For many amateurs, the statue of Django Reinhardt symbolises the so-called gipsy jazz, although the brilliant guitarist originates from the Manouche community (the difference between the gipsy and the manouche community being their spoken language). Boulou Ferret, son of Matelo, confides to Jazz Hot magazine (n°312, January 1975) : "Gipsies and manouches are of the same blood and have more or less the same outlook on life and yet manouche people reproach gipsies for not being like them." Christian Escoudé, also gipsy, adds : "There are no similarities between the two nations in Paris where they are both very present."
What draws both communities together is music and for some musicians, it's jazz music, the fruit of many European tradition crossings, with the essential caracteristics of jazz (improvisation, ornamentation, rhythmic refinement) ...
With gipsy origins the Ferret family, Baro (1908-1976), Sarane (1912-1970) and Matelo (born in 1918) became involved in jazz after meeting Django, who had been working with popular dance orchestras. The three brothers soon showed musical differences. While Baro specializes more in the "Waltz Swing" with Gus Viseur (an incomparable accordionist), Sarane, Django's ex-accompanist, manager of the Paris Quintet (same style as the Hot-Club of France) records with Gus Viseur too, appearing in clubs such as "La Roulotte", "Les Trois Maillets" and "La Montagne Pelée" where the young violonist Jean-Luc Ponty, unknown then, came to play.
Matelo started to play since 1935 by the sides of the greatest French and Americans musicians (including violonists Michel Warlop and Eddie South). He accompanied the singers Jean Tranchant and Charles Trenet, as well as Edith Piaf during her first recordings, he then produced a sextet before taking part in the development of the "Musette swing" and popularizing the gipsy waltz. He recorded many albums, particularly with Gus Viseur, Tony Murena and Jo Privat.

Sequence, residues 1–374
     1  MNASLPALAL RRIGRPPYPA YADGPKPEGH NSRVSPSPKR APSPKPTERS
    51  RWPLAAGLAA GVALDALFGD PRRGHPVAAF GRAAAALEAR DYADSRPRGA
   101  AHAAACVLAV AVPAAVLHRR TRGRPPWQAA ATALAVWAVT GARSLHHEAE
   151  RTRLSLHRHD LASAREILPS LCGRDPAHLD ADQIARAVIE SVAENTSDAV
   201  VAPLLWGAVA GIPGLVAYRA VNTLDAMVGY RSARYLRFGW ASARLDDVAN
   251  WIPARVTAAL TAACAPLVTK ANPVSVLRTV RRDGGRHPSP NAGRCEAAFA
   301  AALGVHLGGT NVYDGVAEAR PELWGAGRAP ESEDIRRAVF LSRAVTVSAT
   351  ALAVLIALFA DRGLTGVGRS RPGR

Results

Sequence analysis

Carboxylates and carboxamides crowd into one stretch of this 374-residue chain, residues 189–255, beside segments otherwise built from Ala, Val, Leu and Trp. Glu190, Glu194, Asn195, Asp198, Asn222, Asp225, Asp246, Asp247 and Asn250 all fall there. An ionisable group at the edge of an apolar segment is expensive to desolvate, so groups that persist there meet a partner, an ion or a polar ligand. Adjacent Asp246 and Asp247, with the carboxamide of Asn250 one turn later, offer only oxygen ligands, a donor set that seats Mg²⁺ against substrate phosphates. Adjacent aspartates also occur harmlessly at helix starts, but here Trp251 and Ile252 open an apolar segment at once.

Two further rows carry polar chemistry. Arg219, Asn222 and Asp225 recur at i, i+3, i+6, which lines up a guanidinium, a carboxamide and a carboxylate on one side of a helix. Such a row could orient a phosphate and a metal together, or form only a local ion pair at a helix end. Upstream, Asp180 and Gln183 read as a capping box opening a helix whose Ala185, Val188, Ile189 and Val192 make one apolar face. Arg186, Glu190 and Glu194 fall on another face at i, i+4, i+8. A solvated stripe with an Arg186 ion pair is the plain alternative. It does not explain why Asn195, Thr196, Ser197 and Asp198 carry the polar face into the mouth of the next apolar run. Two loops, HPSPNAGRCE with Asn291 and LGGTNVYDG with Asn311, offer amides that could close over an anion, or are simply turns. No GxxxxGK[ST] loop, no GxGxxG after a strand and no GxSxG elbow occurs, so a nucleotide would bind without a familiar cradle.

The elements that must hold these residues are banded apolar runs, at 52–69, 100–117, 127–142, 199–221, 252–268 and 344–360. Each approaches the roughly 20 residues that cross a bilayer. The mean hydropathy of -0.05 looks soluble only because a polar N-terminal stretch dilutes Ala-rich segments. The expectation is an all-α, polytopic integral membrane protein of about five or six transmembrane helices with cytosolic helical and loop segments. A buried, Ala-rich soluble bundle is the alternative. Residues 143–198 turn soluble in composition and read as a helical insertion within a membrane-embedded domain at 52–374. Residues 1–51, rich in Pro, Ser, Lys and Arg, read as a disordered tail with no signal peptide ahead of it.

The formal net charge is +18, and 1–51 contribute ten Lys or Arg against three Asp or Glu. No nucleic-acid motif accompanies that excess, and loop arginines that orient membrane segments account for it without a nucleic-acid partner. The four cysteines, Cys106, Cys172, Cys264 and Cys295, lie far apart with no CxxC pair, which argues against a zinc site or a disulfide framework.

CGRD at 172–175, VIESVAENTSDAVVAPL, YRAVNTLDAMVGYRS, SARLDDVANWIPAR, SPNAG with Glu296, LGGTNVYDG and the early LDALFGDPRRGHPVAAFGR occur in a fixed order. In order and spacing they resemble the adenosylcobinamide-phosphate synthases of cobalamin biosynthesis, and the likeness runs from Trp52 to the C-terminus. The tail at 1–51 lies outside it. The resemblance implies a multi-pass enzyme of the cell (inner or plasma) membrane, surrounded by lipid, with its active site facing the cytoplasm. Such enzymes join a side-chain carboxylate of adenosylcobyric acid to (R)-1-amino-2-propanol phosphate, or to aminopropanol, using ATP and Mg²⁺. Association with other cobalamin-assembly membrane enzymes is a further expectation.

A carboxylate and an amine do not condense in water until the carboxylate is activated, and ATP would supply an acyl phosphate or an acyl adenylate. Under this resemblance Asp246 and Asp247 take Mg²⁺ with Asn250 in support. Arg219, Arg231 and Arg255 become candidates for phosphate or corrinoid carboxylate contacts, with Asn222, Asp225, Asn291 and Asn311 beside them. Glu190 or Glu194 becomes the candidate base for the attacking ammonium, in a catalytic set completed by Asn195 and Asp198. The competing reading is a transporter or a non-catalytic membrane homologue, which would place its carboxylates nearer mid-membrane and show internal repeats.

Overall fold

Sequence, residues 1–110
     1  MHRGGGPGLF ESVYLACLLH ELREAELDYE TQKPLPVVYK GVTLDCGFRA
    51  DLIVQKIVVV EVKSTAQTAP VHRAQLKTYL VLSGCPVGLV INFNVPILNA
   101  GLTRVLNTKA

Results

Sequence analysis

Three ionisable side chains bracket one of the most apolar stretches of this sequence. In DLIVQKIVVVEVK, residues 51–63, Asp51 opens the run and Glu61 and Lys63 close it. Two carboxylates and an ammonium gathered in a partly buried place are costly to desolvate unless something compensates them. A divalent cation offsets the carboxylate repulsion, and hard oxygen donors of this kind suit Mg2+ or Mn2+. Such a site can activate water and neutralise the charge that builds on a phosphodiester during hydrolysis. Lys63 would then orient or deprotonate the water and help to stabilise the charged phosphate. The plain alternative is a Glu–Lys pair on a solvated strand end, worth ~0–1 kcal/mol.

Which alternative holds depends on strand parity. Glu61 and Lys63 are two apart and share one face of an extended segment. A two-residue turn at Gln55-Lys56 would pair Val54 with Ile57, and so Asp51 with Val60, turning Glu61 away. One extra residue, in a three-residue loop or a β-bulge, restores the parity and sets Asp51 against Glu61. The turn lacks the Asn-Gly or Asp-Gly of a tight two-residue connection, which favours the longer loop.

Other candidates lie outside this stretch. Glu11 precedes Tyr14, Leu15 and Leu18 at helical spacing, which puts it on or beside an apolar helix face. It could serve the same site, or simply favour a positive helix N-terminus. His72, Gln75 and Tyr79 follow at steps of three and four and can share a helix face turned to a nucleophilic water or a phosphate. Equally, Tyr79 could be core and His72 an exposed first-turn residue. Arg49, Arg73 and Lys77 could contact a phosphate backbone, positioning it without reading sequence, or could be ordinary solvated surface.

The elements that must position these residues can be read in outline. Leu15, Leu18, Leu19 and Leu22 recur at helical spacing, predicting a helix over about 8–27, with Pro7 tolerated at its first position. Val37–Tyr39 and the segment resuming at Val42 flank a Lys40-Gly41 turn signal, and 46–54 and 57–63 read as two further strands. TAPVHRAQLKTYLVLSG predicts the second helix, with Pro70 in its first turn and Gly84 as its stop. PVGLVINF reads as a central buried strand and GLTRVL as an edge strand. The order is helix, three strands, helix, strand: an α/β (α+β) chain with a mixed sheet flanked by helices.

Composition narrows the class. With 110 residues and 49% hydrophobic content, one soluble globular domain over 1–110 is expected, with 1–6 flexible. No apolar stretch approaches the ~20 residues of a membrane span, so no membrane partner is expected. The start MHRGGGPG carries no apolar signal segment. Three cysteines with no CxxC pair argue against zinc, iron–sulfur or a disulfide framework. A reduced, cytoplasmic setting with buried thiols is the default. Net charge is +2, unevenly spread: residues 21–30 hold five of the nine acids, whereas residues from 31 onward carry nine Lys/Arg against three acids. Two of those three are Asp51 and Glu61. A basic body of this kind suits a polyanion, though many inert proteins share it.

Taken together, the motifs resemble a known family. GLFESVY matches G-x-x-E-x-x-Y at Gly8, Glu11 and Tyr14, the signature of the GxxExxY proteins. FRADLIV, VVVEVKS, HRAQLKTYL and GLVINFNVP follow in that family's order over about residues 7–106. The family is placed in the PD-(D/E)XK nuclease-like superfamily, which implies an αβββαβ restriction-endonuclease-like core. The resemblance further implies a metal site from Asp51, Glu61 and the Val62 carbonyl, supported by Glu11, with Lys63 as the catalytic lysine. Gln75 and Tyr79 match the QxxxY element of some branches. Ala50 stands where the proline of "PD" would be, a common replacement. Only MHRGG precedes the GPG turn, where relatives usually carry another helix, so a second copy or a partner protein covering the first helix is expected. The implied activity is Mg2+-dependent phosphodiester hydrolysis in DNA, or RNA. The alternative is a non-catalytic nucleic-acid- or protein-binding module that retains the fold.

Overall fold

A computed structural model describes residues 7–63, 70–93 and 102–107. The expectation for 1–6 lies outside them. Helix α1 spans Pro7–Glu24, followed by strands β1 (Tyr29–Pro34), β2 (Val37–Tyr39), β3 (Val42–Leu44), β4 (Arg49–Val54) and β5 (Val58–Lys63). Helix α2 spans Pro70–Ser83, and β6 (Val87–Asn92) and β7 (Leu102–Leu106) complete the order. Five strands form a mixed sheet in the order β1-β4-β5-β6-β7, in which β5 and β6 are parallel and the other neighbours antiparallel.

We find in these concerts their different styles, Sarane looking for simplicity, while Matelo plays more in virtuosity with appealing harmonic and rhythmic combinations. The repertoire presents the works of Django, also including compositions gipsy guitarists can express with exceptional talent.Jacques Chesnel, from the booklet
Tribute to Django
1 Swing 42 (Reinhardt) 2’59
2 Confessin' (Daugherty, Reynolds) 4’01
3 Blues In The Closet (Pettiford)
4 Les Yeux Noirs (trad.) 4’17
5 Au Temps de la Cour (Sonate en ut de Mozart) (Mozart) 4’16
6 Out Of Nowhere (Green, Heyman) 3’48
7 The Man I Love (Gershwin, Gershwin) 6’41
8 Rhythm Futur (Reinhardt) 3’42
9 What Is This Thing Called Love (Porter) 4’01
10 Valse Manouche Inédite [Choti] (Reinhardt) 2.20
11 Hungaria (Reinhardt) 2’57Personnel
Sarane Ferret - g
Auguste Malla - g
Alf Masselier - b
Jean Tordo - cl
Roger Paraboschi - dr
Matelo Ferret - g
Pierre-Jean Marre - g
Patrick Greusset - p
Bernard Isselin - b
Claude Delclos - dr
Recorded at the ORTF, Paris ; April 16, 1967
[# 10 & 11]
Esemble Matelo Ferret
Viviane Villerstein - vl
Recorded at Samois sur Seine, Seine et Marne, France ; May 27, 1973
See also (in french)